Due to the state of war (and the doctor’s advice), Feraud and d’Hubert don’t run into each other for another six months. When they do, Feraud quickly challenges the less-than-enthusiastic d’Hubert to another duel, which ends in the latter being seriously wounded.
Both Feraud and d’Hubert “seconds” (a term for someone assisting/representing a combatant in a duel) implore the men to consider that honor has been served–both have inflicted some injury upon the other and so now it’s time to move on. d’Hubert agrees, Feraud does not, barking: “Until next time, d’Hubert!”
Once recovered from his injury, d’Huber agrees to a third duel, this with heavy sabres. Again, no victor is crowned, both men too exhausted and battered to finish.
d’Huber soon learns from Treillard that, despite the Brigadier-General’s misgivings–he can’t understand why such a promising officer would continue dueling a fool like Feraud–he has been promoted to captain, which means that, for the time being at least, the lesser-ranked Feraud can’t challenge him to any more duels.
Years pass. While serving in Lübeck, d’Huber discovers that Feraud’s 7th Hussars have arrived in the city, too, and, worse, his nemesis is now also a captain. d’Huber has no interest in fighting another duel and so plans to stay out of sight until his planned promotion, to major, in two weeks time. It isn’t to be, however; spotted by Feraud’s second, d’Huber is drawn into another duel, this to be fought on horseback. The terrified d’Huber not only survives but inflicts a nasty cut across Feraud’s forehead, the profuse bleeding rendering the other man unable to continue.
[Film snob aside 3: This is a masterly structured and cut sequence, quite a coup for a first-time director, which plays out as such: accompanied by ominous, slightly dissonant music, the men on horseback draw their swords, Feraud with steady hand, d’Huber looking as though he’s had 25 cups of coffee. The men signal they’re ready. d’Huber shakes like a leaf–he knows he’s unlikely to survive the encounter. The men begin to ride towards each other, gathering speed. But then Scott does something interesting: instead of seeing the duel straight through, he throws in a series of quick cuts to illustrate d’Huber’s state of mind, what looks to be abject terror and last-minute regret that he’s been so foolish as to continue to engage in this madness, the first showing Feraud celebrating his wounding of d’Huber in their second duel, then back to d’Huber shaking like a leaf on horseback before spurring his horse, then to the men gaining speed towards each other, then to other images of past violent swordplay with Feraud, then to d’Huber’s mistress, Laura (Diana Quick), who thinks him a fool to worry about his “honor,” then, suddenly, the duel is over–one of the rider’s hats flies off, a bloodied saber is wiped clean. Who’s wounded? Or possibly dead? Anyway, it’s one thing to explain it, but quite another to see the complicated sequence play out. So see it, damn you!]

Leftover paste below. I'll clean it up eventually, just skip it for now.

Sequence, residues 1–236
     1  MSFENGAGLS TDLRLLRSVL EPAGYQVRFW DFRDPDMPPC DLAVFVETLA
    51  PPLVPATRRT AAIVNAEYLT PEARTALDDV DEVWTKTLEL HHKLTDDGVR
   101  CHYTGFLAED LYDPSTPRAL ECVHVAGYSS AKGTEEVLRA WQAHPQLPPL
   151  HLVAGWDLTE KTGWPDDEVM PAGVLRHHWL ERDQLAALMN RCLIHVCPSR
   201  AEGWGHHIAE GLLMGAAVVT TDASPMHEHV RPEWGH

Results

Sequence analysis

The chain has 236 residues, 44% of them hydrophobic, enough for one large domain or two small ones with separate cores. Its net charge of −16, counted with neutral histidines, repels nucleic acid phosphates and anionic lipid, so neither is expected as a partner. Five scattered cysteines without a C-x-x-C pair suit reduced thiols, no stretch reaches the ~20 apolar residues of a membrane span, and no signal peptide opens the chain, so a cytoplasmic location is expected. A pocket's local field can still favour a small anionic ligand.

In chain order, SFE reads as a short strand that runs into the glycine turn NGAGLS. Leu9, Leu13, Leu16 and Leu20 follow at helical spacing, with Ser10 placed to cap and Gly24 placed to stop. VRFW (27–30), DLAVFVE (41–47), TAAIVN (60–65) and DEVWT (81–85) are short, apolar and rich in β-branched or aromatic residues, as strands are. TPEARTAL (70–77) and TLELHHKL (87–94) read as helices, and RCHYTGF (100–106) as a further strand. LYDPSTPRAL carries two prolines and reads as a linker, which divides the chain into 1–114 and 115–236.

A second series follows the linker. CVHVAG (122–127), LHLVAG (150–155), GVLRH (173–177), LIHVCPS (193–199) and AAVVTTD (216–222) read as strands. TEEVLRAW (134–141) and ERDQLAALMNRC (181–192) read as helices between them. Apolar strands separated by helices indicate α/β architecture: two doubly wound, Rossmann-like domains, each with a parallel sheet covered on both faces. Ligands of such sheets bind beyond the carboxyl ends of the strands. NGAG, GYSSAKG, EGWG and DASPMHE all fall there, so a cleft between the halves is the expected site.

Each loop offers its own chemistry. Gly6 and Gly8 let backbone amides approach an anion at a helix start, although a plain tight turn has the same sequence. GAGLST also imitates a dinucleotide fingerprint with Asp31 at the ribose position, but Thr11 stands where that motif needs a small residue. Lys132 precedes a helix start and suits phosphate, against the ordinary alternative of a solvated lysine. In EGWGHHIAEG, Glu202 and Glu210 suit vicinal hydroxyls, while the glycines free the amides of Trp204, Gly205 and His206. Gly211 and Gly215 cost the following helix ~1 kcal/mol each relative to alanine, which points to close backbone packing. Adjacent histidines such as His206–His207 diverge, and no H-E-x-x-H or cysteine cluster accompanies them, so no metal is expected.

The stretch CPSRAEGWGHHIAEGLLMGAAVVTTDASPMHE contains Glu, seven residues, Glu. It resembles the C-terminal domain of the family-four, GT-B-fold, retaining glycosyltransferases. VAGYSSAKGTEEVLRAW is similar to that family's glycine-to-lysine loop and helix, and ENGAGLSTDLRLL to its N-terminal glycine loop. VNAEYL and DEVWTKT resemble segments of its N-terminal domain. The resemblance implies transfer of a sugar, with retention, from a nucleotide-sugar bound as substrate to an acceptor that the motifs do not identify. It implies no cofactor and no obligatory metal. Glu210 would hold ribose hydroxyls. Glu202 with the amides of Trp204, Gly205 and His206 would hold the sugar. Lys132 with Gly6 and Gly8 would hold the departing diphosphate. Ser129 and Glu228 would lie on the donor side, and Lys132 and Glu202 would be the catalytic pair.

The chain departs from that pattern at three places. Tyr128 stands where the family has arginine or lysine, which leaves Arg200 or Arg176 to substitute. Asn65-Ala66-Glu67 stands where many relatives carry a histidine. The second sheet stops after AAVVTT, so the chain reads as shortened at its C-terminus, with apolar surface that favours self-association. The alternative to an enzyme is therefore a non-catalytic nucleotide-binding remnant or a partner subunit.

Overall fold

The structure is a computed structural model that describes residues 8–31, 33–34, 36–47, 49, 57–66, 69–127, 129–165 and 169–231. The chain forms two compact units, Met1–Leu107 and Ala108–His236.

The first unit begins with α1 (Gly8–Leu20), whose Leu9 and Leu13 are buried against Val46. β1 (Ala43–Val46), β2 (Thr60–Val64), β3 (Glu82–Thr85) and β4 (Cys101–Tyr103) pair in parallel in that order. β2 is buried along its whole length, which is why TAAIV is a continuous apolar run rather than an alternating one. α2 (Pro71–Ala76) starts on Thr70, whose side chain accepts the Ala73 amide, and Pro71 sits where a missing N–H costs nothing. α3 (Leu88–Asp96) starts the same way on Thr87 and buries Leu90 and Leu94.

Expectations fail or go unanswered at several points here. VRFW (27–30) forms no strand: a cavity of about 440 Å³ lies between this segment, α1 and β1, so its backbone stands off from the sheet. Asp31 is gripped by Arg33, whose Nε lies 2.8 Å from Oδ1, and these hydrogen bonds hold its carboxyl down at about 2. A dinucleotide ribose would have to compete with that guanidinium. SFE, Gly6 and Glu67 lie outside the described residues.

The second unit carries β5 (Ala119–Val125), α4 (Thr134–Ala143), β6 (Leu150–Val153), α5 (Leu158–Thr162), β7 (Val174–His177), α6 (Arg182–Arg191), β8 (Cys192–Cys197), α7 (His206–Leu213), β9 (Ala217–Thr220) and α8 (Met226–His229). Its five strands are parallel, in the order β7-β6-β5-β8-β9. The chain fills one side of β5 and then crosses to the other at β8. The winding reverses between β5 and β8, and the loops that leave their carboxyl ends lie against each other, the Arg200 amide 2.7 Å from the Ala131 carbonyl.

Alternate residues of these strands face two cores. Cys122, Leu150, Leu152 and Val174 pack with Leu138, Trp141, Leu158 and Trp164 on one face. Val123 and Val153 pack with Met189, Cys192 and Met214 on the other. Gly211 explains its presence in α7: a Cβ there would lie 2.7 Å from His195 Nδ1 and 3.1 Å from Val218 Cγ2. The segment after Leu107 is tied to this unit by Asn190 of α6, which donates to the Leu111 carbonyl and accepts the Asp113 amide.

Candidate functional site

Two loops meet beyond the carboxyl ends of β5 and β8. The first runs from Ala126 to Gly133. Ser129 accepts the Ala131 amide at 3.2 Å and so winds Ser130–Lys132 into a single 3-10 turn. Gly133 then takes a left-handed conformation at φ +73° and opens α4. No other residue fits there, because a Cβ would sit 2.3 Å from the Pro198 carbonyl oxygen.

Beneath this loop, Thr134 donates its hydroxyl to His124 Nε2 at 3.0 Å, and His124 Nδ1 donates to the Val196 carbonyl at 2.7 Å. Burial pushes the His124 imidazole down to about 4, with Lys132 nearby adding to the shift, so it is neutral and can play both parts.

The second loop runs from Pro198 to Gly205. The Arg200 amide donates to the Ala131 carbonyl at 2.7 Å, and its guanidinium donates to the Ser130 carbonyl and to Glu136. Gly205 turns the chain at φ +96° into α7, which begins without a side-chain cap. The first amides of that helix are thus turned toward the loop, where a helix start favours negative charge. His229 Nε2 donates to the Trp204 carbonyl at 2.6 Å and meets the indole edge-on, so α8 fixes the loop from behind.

The next time the pair chance upon each other is in 1812, during the French Army’s disastrous retreat from Moscow. Starving and borderline hypothermic, they still find the energy to resume their duel, this time with pistols. Before they can fire a shot, however, a Cossack appears with some comrades. Instead of using the guns on each other, d’Hubert and Feraud expend their bullets killing the enemy.
The movie shifts to peacetime. With Napoleon’s exile to Elba, d’Hubert has been promoted to a brigadier-general. Recovering from a leg wound at his sister’s home in Tours, he’s introduced to Adele (Cristina Raines). The two fall in love and are married.
[Film snob aside 4: Take a closer look at the clip above, keeping your eye on the misbehaving horses. On the surface it looks like one of those magically fortuitous moments that can happen from time to time on a movie set. After all, it’s not like you can direct a pair of horses to mirror the human kiss taking place in the foreground. But that’s exactly what happens and it enhances the beauty of the scene greatly. However, there’s an untold story here, shared by Scott in the Blu-ray release. At about the :35 mark the actress begins to giggle, which, in the context of the scene, isn’t so unexpected–she’s in love, she’s giddy at the prospect of a proposal and she’s having a bit of fun with d’Hubert’s discomfort. The real reason for her laughter, however, was that the stallion on the left, lusting after the mare on the right, began sprouting a horse-size erection. Scott goes on to note that, because he was operating the camera himself (something he’s fond of doing because of his gift for composition), he was able to keep the actors moving through the scene despite the distraction, which led, of course, to that great moment when the horses “kiss.”]